Page 4639 - Week 11 - Wednesday, 19 October 2011

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went up to federal parliament as Leader of the Opposition, as a member of the ACT’s elected parliament, and argued against this bill—something that I still cannot believe he got away with without the criticism he deserved. He sat there, all dressed up, all scrubbed up, ready to give evidence to argue against this bill, which simply removes the executive veto over laws passed by this place. It was unbelievable. You could not imagine it was happening—but it was and it was televised.

The issue here reminds us that we have the most conservative Liberal leader of any Liberal Party in the country, leading the most conservative Liberal Party in any parliament. Unless they feared other conspiracy theories associated with this bill, unless that was an anathema to them, you could not imagine any other reason why any person reading the legislation that Senator Brown has put forward would oppose the bill. It simply removes the executive veto.

But we know what the opposition are all about. We know what they stand for and what they fear. What anyone who witnessed it saw that day was the Leader of the Opposition of this parliament going to the federal parliament and arguing against any increase in the territory’s right to govern for itself. It was simply unbelievable. And the shameful speech that he has given in here this morning, which did not concentrate on any of that—did not concentrate on his submission or his appearance or the evidence he gave or his own views on this legislation—was simply to point the finger at the Labor Party. How tired and old is that?

This is not about the Labor Party. Yes, I wish it had been my colleagues that brought this bill forward in federal parliament. Indeed it is something that I had hoped for. But they did not; Senator Brown did. So does that mean that we should all go, “Senator Brown has done it; therefore we cannot and do not support that”—similar to the philosophy taken by the Liberal Party that if Andrew Barr supports it they cannot? That is not the response of mature leaders in a mature parliament who look at issues as they come before them, which is what this government has done. I have met with Senator Brown about his bill. I have written to all senators and members of the House of Reps urging them to support this bill and providing them with reasons why I think they should. That followed on from the previous Chief Minister having done that, and I have had a number of responses, some positive, some negative.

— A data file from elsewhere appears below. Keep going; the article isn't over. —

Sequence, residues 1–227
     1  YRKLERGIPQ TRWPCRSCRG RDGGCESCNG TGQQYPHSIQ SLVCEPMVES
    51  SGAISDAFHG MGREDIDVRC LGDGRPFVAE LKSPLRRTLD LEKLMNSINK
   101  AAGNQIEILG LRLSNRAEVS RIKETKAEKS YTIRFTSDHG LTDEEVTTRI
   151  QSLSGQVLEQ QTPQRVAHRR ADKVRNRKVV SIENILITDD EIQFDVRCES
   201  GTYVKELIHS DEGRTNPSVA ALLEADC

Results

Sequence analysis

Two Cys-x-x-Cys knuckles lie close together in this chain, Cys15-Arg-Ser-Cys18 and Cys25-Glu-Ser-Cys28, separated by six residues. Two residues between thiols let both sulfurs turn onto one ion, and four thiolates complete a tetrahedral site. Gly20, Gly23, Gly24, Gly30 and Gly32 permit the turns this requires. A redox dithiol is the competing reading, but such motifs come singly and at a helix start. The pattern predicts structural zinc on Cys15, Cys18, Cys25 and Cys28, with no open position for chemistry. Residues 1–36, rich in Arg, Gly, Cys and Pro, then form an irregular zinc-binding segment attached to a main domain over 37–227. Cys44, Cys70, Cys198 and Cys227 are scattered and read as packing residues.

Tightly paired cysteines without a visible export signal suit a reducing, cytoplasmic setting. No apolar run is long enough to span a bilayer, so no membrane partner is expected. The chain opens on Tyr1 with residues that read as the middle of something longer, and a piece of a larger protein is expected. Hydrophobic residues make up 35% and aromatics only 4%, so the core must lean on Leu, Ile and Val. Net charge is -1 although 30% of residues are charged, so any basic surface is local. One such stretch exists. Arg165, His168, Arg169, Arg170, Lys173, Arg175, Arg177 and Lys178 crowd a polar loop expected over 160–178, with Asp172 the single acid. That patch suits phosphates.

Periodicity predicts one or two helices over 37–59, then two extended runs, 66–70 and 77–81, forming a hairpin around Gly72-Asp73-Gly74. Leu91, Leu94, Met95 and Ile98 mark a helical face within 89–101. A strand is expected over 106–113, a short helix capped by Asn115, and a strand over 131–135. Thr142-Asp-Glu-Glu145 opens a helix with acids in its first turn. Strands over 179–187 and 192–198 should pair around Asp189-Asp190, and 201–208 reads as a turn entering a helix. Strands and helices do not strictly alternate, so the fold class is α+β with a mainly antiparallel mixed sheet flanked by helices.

This is all about leadership. It is not just the Chief Minister who is the leader; every single member in this place is a leader for the people of the ACT. One thing I will agree with, Mr Seselja, is that this is not day-to-day bread and butter stuff; it is not the stuff that concerns Canberrans the most and governments should concentrate on all of those issues. But that does not mean you cannot do both. It does not mean that you cannot chew gum and walk at the same time; that you can look after the bread and butter issues that concern all Canberrans but you dare not have a view about a matter as significant as the democratic processes that govern the territory. You have to have both if you are going to be an effective leader.

Mr Seselja had a massive fail this morning in that regard and a massive fail when he went up to federal parliament and argued against any increase in rights for this Assembly to govern for itself without the fear of executive veto. We see the failure of leadership right across the opposition. But it does not mean that leaders cannot have

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